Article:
A step forward to predicting rare events

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 This week Nature Physics (03 May 2009) reveals how a scientist from the London Centre for Nanotechnology at UCL (University College London) has found a simple way of predicting the chance that a larger than normal event will happen. This will help us to understand the changes of river levels, and have application in the engineering of sustainable energy sources such as fusion reactors.
Many properties in physical and social science are loosely described as "critical" - from floods and earthquakes to the turbulence that affects aircrafts and poses a problem in engineering. Critical properties are often thought to have power law distributions (see picture), but this is only true for some properties: others typically show a very distinctive, but non-power law distribution. The first example of this was noted by Professor Steven Bramwell (UCL) with his colleagues Peter Holdsworth and Jean Francois Pinton (ENS Lyon) in connection with fluid turbulence. However, such  phenomena are so complex that it is usually very difficult to predict which sort of distribution will occur.
Now Professor Bramwell has enunciated a simple and general way to predict what type of distribution should be expected in a given practical situation such as floods and turbulence. If it is known how a parameter changes with the size of the system, then the rule may be used to predict the distribution of that parameter. The parameter could be a river level or the amount of fuel escaping from a fusion reactor.
Professor Bramwell says “This will help us understand rare events and will help us in making predictions for complex phenomena where a simple model is not possible.”
In a world of climate change and high technology, this new development will be a milestone in statistical research, allowing more efficiently forecasting of events that influence us all.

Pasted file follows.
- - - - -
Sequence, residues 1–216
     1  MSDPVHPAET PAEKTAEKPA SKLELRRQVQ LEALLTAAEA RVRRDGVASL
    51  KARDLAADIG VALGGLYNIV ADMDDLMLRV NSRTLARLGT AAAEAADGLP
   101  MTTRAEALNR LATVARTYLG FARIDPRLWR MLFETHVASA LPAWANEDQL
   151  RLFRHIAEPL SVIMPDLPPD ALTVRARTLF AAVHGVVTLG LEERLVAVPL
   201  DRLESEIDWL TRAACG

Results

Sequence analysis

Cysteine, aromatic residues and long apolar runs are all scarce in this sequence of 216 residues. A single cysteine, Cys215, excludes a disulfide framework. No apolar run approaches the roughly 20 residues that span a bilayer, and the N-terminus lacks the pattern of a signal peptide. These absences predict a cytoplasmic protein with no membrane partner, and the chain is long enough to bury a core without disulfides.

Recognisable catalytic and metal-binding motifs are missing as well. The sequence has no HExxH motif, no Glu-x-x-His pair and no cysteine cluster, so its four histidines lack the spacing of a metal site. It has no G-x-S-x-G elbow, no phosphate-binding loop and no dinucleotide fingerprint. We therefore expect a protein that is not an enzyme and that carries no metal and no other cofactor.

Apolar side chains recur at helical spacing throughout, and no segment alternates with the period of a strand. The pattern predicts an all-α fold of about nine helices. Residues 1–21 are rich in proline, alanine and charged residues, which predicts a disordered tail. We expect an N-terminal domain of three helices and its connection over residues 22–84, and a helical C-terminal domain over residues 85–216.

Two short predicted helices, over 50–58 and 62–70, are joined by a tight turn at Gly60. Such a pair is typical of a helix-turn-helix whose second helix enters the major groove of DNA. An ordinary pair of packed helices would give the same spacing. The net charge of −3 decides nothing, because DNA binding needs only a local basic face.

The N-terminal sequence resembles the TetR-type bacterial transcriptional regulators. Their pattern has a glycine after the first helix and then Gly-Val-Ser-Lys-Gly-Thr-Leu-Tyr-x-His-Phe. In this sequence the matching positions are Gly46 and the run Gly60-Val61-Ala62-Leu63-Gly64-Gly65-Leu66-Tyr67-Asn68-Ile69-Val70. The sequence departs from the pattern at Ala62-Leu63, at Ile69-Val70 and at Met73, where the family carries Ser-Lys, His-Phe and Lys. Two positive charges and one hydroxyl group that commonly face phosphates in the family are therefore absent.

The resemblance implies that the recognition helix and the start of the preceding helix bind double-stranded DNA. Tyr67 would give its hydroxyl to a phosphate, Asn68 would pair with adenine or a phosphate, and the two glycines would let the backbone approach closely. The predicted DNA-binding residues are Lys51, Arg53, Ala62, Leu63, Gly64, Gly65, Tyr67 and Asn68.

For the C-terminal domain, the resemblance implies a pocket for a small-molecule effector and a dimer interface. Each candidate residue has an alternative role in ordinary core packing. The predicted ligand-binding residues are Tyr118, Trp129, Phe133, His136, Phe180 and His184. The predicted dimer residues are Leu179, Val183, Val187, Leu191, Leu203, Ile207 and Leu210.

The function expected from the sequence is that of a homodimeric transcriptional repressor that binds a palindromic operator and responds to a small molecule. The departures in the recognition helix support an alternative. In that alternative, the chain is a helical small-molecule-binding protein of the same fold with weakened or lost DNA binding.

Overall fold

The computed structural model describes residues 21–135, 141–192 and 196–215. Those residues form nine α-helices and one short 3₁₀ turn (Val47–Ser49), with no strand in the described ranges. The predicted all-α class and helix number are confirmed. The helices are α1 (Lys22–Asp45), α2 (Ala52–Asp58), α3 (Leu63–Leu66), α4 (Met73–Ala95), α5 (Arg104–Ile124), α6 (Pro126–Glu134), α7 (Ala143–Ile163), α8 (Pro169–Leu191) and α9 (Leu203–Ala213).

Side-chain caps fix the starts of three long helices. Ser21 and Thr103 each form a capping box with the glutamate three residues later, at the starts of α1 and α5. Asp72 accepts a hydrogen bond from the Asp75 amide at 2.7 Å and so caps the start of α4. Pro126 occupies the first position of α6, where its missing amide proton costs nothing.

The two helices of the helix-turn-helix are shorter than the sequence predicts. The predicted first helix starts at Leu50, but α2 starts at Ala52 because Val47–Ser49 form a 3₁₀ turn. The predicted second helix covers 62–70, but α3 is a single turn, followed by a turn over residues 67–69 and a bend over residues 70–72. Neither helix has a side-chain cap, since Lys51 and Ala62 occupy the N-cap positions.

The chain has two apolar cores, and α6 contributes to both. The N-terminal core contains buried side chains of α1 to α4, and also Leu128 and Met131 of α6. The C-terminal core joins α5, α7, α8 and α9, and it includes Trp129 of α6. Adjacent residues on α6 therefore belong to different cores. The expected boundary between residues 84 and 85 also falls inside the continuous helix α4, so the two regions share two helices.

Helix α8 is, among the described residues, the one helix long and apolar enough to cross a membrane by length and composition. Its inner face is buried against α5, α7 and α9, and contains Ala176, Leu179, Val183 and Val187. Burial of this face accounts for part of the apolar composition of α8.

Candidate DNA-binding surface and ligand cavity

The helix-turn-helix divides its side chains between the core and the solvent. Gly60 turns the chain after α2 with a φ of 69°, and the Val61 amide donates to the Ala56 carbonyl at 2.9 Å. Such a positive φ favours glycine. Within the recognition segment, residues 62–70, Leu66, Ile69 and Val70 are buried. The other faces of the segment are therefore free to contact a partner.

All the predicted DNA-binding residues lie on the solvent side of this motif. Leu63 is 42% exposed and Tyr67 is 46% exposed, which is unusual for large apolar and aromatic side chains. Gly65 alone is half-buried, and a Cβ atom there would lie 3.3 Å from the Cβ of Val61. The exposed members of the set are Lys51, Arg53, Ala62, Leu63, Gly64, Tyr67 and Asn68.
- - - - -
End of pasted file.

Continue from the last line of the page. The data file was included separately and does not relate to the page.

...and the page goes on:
Notes for editors
Contact details:
For more information, please contact Dr Thierry Bontoux at the London Centre for Nanotechnology on tel: +44 (0)20 7679 0056, e-mail: t.bontoux@ucl.ac.uk
The following images can be obtained by calling the London Centre for Nanotechnology on +44 (0)20 7679 0056 or by emailing t.bontoux@ucl.ac.uk
A power law distribution (blue) versus the typical non power law shape (red).
The blue curve might represent how the chance of an earthquake diminishes with increasing earthquake magnitude, while the tail of the red curve might represent the chance of a large event in turbulence. 
About the London Centre for Nanotechnology
The London Centre for Nanotechnology, is a UK-based, multidisciplinary research centre forming the bridge between the physical and biomedical sciences. It was conceived from the outset with a management structure allowing for a clear focus on scientific excellence, exploitation and commercialisation. It brings together two world leaders in nanotechnology, namely University College London and Imperial College London, in a unique operating model that accesses the combined skills of multiple departments, including medicine, chemistry, physics, electrical and electronic engineering, biochemical engineering, materials and earth sciences, and two leading technology transfer offices.